Palin’s claim family sought medical care in Canada prompts scrutiny, ridicule

WASHINGTON — Sarah Palin’s weekend admission that her family once travelled to Canada to receive treatment under the public health-care system she’s so often demonized prompted skepticism and ridicule Monday among her critics in the United States.

Sarah Palin

Sarah Palin

WASHINGTON — Sarah Palin’s weekend admission that her family once travelled to Canada to receive treatment under the public health-care system she’s so often demonized prompted skepticism and ridicule Monday among her critics in the United States.

“My first five years of life we spent in Skagway, Alaska, right there by Whitehorse,” the former Alaska governor said Saturday night during a speech in Calgary.

“Believe it or not — this was in the ’60s — we used to hustle on over the border for health care that we would receive in Whitehorse. I remember my brother, he burned his ankle in some little kid accident thing, and my parents had to put him on a train and rush him over to Whitehorse and I think, isn’t that kind of ironic now. Zooming over the border, getting health care from Canada.”

Always a popular whipping girl among liberal blogs and news sites, Palin was swiftly derided for the comments Monday as the news reverberated through and beyond the U.S. capital.

A headline on the New York media blog Gawker.com read: “Sarah Palin Supports Government-Run Health Care, Inadvertently Uses ’Ironic’ Correctly.”

Sam Stein of the Huffington Post suggested Palin was a hypocrite.

“The irony, one guesses, is that Palin now views Canada’s health-care system as revolting, with its government-run administration and ’death-panel’-like rationing,” Stein wrote.

“Clearly, however, she and her family once found it more alluring than, at the very least, the coverage available in rural Alaska.”

There were also doubts about the veracity of her story.

In a 2007 report in the Skagway News, Palin said her family travelled south from the town by ferry to Juneau, Alaska, so that her brother could get treatment after burning his foot when jumping through a fire.

“All these years later, that’s still what people have to rely on here in some instances,” said Palin, who was Alaska governor at the time and pledging to improve the town’s ferry system.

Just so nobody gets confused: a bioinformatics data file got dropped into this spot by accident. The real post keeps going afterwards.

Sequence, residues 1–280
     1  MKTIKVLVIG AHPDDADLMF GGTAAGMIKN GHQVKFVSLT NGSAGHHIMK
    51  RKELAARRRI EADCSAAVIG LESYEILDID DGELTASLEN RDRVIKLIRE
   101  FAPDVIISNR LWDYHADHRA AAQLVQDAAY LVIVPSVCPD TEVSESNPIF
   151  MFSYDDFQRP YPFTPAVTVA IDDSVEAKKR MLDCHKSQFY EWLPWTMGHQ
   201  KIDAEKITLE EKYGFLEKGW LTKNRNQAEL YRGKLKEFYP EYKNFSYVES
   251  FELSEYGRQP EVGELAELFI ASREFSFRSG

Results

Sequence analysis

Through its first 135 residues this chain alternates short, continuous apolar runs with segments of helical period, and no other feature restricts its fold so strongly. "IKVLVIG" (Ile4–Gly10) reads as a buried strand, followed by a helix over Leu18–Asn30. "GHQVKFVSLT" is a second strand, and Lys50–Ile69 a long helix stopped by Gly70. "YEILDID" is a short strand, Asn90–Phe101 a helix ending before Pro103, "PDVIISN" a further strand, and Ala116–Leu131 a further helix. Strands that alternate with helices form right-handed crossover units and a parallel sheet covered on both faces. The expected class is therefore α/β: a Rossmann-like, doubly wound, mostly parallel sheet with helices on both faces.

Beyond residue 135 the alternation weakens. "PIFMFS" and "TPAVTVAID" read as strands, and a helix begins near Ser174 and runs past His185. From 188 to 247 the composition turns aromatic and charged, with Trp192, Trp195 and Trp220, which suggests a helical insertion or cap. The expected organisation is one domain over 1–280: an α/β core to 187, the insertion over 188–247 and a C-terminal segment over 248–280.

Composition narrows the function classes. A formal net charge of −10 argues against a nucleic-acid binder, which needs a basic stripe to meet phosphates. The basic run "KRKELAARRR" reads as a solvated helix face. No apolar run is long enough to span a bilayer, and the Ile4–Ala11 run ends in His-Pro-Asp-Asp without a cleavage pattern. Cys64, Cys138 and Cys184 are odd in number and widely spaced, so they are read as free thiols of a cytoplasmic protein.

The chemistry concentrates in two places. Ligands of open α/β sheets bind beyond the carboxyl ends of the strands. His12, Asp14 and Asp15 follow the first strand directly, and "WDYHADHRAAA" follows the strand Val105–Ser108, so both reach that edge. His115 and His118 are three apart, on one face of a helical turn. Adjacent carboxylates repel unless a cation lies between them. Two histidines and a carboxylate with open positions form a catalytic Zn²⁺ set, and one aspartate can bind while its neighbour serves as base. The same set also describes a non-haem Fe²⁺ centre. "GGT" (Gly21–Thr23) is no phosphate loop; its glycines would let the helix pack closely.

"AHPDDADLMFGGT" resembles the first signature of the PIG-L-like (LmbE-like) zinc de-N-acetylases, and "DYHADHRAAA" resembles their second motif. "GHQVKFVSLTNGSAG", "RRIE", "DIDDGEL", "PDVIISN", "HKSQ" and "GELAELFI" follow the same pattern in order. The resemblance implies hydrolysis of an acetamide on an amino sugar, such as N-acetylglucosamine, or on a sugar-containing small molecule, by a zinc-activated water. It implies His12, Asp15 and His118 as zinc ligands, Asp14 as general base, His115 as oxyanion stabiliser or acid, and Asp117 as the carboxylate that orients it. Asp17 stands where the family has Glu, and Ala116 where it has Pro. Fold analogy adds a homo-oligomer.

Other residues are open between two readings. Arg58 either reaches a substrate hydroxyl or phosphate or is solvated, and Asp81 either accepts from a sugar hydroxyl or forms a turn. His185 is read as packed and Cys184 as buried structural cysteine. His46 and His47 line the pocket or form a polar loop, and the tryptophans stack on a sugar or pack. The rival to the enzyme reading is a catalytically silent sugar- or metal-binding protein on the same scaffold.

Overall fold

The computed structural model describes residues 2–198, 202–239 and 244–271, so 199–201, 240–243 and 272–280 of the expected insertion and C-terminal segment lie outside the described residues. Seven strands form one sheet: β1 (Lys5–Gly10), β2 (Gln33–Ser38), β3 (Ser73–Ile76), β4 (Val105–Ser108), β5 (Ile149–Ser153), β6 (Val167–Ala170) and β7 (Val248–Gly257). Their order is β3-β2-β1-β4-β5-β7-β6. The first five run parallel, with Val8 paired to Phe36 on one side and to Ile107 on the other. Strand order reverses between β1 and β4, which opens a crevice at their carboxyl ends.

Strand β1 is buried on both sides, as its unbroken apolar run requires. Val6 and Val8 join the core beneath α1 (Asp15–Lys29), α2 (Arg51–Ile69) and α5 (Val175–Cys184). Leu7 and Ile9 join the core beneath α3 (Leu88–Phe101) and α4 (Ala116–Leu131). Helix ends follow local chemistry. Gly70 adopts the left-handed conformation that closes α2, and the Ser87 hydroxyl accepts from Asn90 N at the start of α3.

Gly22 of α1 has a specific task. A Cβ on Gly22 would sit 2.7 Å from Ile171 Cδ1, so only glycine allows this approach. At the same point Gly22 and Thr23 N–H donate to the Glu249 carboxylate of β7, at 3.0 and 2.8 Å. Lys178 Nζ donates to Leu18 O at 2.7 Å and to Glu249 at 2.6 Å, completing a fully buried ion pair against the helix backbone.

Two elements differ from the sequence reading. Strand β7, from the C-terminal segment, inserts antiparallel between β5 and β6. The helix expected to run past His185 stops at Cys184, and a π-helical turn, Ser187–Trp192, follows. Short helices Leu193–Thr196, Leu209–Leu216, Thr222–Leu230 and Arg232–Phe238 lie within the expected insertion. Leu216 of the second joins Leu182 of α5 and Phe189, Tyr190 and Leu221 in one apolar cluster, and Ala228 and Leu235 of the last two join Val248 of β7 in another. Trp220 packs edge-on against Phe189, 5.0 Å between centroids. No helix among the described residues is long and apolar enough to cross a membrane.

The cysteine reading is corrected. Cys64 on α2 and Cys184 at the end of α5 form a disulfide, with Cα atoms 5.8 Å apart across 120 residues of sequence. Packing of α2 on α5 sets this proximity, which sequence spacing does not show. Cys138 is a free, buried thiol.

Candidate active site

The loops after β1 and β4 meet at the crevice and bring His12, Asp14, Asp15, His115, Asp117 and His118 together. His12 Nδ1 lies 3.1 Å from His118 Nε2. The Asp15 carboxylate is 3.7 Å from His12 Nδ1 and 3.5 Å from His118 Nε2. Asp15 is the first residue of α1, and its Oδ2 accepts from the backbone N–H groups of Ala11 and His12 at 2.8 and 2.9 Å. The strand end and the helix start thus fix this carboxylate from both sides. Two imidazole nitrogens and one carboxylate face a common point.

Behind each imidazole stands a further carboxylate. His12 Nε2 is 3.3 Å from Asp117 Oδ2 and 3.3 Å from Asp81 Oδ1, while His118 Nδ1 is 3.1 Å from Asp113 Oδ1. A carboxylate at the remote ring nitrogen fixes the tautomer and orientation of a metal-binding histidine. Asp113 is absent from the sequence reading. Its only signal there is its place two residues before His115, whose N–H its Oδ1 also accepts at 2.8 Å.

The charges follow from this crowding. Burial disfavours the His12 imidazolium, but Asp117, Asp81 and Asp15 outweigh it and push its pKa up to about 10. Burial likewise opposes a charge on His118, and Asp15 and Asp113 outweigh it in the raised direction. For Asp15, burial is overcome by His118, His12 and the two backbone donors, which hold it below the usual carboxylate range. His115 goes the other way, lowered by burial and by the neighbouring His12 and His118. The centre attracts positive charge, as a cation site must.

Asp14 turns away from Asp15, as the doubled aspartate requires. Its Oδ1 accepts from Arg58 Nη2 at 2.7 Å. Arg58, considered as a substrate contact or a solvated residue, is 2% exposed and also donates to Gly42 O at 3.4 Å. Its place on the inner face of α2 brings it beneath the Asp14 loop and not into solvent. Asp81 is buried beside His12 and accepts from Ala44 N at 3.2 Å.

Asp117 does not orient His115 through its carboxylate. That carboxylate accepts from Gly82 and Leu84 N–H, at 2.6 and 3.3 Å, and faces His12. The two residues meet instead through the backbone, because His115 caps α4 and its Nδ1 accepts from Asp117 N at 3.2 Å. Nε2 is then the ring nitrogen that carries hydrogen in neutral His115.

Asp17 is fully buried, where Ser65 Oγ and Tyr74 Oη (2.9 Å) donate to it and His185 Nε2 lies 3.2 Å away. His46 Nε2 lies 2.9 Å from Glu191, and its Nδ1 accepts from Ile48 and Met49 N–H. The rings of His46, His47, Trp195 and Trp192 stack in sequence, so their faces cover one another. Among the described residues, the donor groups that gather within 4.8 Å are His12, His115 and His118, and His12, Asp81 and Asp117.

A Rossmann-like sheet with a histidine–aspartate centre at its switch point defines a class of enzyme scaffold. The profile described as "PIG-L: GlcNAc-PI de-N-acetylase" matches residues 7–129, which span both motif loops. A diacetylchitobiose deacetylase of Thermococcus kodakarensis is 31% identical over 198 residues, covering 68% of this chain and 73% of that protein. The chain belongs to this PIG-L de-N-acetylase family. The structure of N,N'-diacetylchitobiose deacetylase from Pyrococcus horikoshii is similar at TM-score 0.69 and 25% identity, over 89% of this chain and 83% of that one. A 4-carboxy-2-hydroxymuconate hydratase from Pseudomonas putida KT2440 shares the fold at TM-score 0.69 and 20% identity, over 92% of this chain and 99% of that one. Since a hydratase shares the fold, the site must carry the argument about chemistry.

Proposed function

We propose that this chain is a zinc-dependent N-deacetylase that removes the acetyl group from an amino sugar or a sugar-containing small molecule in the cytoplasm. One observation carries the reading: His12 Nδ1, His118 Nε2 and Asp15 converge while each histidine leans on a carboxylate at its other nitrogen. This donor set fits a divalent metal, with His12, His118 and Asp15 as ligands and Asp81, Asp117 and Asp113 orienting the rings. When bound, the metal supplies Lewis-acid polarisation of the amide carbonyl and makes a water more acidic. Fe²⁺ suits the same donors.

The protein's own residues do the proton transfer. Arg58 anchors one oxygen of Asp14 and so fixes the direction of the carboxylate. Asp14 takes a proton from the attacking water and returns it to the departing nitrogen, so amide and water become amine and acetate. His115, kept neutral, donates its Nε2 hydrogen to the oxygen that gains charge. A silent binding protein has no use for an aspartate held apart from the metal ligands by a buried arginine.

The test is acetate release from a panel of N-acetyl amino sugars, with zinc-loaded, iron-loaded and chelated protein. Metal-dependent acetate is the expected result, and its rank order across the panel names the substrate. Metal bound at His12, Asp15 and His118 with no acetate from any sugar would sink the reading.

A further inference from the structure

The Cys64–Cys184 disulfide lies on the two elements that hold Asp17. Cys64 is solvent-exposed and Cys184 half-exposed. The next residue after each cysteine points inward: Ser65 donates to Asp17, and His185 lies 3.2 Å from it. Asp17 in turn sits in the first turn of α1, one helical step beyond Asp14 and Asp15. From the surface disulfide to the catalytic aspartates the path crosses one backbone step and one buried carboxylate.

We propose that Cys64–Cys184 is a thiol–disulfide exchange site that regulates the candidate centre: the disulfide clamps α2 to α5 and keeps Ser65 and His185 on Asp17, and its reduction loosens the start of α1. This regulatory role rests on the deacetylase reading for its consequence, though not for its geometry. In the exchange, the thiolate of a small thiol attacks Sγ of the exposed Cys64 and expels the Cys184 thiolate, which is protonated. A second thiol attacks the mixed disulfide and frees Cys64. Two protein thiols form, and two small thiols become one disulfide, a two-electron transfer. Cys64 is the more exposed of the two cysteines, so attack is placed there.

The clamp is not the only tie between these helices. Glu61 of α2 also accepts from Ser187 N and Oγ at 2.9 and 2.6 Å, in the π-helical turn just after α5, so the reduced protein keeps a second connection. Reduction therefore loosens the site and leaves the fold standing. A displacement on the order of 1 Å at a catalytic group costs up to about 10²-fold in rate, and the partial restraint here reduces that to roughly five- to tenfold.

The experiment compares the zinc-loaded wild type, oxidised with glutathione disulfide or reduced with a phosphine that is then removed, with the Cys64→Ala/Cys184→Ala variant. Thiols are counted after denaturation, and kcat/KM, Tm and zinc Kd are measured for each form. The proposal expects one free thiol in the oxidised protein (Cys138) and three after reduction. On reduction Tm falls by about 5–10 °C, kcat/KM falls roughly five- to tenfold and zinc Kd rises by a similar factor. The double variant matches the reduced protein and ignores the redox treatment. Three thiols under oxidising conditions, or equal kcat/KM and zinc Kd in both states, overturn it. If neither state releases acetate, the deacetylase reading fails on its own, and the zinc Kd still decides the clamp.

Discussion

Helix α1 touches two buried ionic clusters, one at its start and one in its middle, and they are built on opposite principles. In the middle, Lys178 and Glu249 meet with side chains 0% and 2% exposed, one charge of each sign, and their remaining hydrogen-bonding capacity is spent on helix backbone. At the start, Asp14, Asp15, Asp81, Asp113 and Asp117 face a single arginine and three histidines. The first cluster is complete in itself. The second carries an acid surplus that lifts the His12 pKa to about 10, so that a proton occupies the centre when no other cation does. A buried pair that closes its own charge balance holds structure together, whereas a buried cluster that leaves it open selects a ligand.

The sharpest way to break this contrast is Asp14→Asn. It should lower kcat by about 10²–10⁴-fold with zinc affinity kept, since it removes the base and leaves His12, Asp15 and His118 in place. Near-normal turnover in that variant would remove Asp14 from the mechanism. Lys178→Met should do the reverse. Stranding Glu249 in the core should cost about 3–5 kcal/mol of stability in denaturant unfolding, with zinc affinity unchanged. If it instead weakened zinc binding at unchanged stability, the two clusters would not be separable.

One Alaska-based political blog, The Mudflats, wondered — tongue firmly planted in cheek — whether Palin’s brother suffered a burned foot on more than one occasion and she was simply mixing up two different but extremely similar incidents.

“Or perhaps the story was simply tweaked to tell people what they want to hear, while utilizing the perennial ’I’m one of you’ meme — a great way to ’connect to the audience’ while skirting those pesky things known as ’facts,”’ the blog reads.

An email to Palin officials requesting more information about her family’s voyages to Whitehorse for medical treatment wasn’t immediately answered on Monday.

The remarks come in the midst of a furious push by top Democrats on Capitol Hill to meet a deadline imposed by President Barack Obama to get a health-care bill signed into law in the next two weeks.

The self-styled hockey mom, who is being coy about whether she’s considering a run for the 2012 Republican presidential nomination, has frequently vilified the Democrats for their health-care overhaul, characterizing it as socialism and accusing Obama of conspiring to do away with the elderly and the disabled with so-called “death panels.”

In November, Palin told Canadian comedian Mary Walsh — in character as Marg Delahunty during an episode of “This Hour Has 22 Minutes” — that Canada should dismantle its public health-care system and let private enterprise take over.

Republicans battling against health-care reform have long claimed that Canadians flood the U.S. to get health care because of waiting lists north of the border.

But Palin’s experience, if accurate, reflects what some studies suggest is a more common trend: Americans travelling abroad to get cheaper care.

A report last spring by Deloitte Center for Health Solutions said 750,000 Americans travelled abroad for medical care in 2007, and forecast that number would rise to six million by 2010. That trend far outpaces the number of Canadians coming to the U.S. for medical treatment.

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